I really don’t know what got into me last night. I mean, one minute I’m staring absentmindedly at a large bag of okra in my fridge and the next I’m rolling out homemade pasta dough with a wine bottle.
Someone help me. Please.
I’ve been wanting to make homemade pasta for a while now though, to show y’all how easy it really is! I don’t have a fancy pasta machine, a rolling pin, a dishwasher or a highly functioning air conditioning unit (okay, disregard the last two for the sake of this post but not for my sanity) so all I’m saying is that if I can make homemade goat cheese ravioli on a whim, so can you!
Granted, they’re rustic. But who cares? They’re beautiful because you made them with your very own blood, sweat and tears. Fo sho’.
First, let’s start with the pasta dough itself.
Disregard one of those eggs. I got a bit ahead of myself.
In all honesty though, pasta dough is SUPER simple. I mean, all you need is flour, an egg and a pinch of salt.
I mean, technically you could go all fancy and get crazy with some olive oil and semolina flour but there’s nothing wrong with keeping things simple. The amounts I’m about to show you will only feed one person, pretty much. It’s easy to double or triple though depending on your crowd and motivation.
Ready? Let’s go. Measure out three fourths of a cup of flour and add a pinch of salt
Now dump the flour on the counter….
And form a little well in the center!
Crack your egg into the cute little well:
Anyways. Start mixing the flour and egg with your fingers gently….pulling in flour from the sides when you need it.
It will kinda look like scrambled eggs.
Once you have worked pretty much all the flour into the egg, knead the ball of dough until it’s smooth and elastic. It should look like this:
If it’s sticky, just add a bit more flour. You want it to be smooth but not too dry. Now, set it on a plate and cover with a damp paper towel. Let your dough baby rest for about forty five minutes so the gluten has time to relax. This will make it a ton easier to roll out!
While that’s resting, make the filling! The theme is simple today so we are sticking with the classics:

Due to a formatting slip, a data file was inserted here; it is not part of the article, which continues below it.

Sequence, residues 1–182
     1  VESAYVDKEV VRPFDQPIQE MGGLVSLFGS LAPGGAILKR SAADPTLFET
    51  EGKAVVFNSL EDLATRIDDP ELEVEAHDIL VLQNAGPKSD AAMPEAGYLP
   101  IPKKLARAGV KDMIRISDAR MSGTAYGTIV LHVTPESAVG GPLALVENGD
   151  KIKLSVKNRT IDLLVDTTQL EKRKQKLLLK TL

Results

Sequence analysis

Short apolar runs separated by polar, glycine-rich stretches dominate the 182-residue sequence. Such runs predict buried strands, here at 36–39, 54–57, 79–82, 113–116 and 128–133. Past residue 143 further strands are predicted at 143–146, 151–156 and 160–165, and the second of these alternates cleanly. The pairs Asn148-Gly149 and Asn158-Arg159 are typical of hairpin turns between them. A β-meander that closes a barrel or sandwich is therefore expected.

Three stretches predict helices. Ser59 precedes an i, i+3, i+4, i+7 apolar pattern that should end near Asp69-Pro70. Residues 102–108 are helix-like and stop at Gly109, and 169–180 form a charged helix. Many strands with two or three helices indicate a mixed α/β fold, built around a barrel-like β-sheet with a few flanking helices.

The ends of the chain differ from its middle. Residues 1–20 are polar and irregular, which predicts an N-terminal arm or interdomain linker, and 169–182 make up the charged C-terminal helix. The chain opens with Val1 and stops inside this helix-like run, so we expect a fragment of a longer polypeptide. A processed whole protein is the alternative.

MMMmmmmmmm goat cheese, how I adore you!
Start by chopping your shallot and garlic. Shallots are pretty much like baby onions (refer here
to see how I chop mine) but they have a really intense flavor and are used a lot in French cuisine. I love ’em!
After chopping, I like to give them a good WACK so they’re no big chunks of shallot left.
Saute both the shallot and the garlic in a bit of olive oil over medium/low heat.
I know I’ve said it a thousand times, but be careful not to burn your garlic! You just want to soften the shallot and for the garlic to start to turn very, very, VERY lightly golden. Then, take the pan off the stove and mix the shallot and garlic into two big tablespoons of goat cheese (remember, this just serves one!).
Yummy. That is all.
Set it aside and get ready to roll out your dough because clearly it’s been forty five minutes.
If you’re normal, sane or have a life you will most likely use a rolling pin or, better yet, a pasta maker for this next step.
Feel the burn. Oh yes.
You want to get the dough really, really thin. Like, really thin. So thin you can almost see through it. Once you have it, trim away the sides of the circle so you have a nice big rectangle (square?).
And cut that square into two, length-wise.
Perfecto! Now get your filling and drop three even amounts down the center of one of the rectangles.
Wet the edges of the dough with water and gently layer on the other piece, pressing down lightly.
Press down to seal the edges—this is probably the most important step because if you don’t reallyyyy seal the edges, when you cook these suckers all the goat cheese will leak out the sides.
Cut about a fourth of an inch past the cheese so you have three perfect (rustic?) little ravioli.
Now wipe the sweat from your brow, boil a large pot of water and dunk them in, cooking just like you would regular pasta.
After doing this a few times you sort of get a feel for when they’re done because it can be hard to tell. Mine boiled for about six minutes until I figured they were done. They should turn a pale golden color and be very light. You’ll get it!
When they’re done, drain and top with sauce, browned butter, sea salt or whatever. I just topped mine with a little extra virgin olive oil, some freshly grated Parmesan cheese and a sprinkle of black pepper.
Voila!! Fresh pasta was easier than you ever thought possible, huh? Try it!
Homemade Goat Cheese Ravioli for One
For the dough:
3/4 cup flour
pinch of salt
Working on your counter, make a well in the flour and in the well crack the egg. Gently use your fingers to add the flour to the egg—it will look somewhat like scrambled eggs at this point. Keep working the dough until it becomes a smooth elastic ball. Once there, cover the dough ball with a damp paper towel and let rest for about forty five minutes so the gluten can relax.
Roll out dough with a rolling pin, a pasta maker or a wine bottle very very thin. Prepare filling.
2 tbsp fresh goat cheese
1/2 shallot, minced
1 garlic clove, minced
pinch of salt
Saute the shallot and garlic in the oil over medium/low heat for about five minutes, or until the shallot is tender and the garlic is turning golden. Remove from heat and combine with the goat cheese and the pinch of salt, forming a smooth cheesy filling.
Moving back to the dough, put three dollops of filling in one of the dough strips. Cover with the other strip and press down along the edges to seal. Cut three ravioli and seal all the edges before cooking in boiling water like you would normal pasta.
Cook ravioli for about six to seven minutes or until pale golden and light. Remove with a slotted spoon and serve with marina sauce or olive oil and freshly grated Parmesan cheese.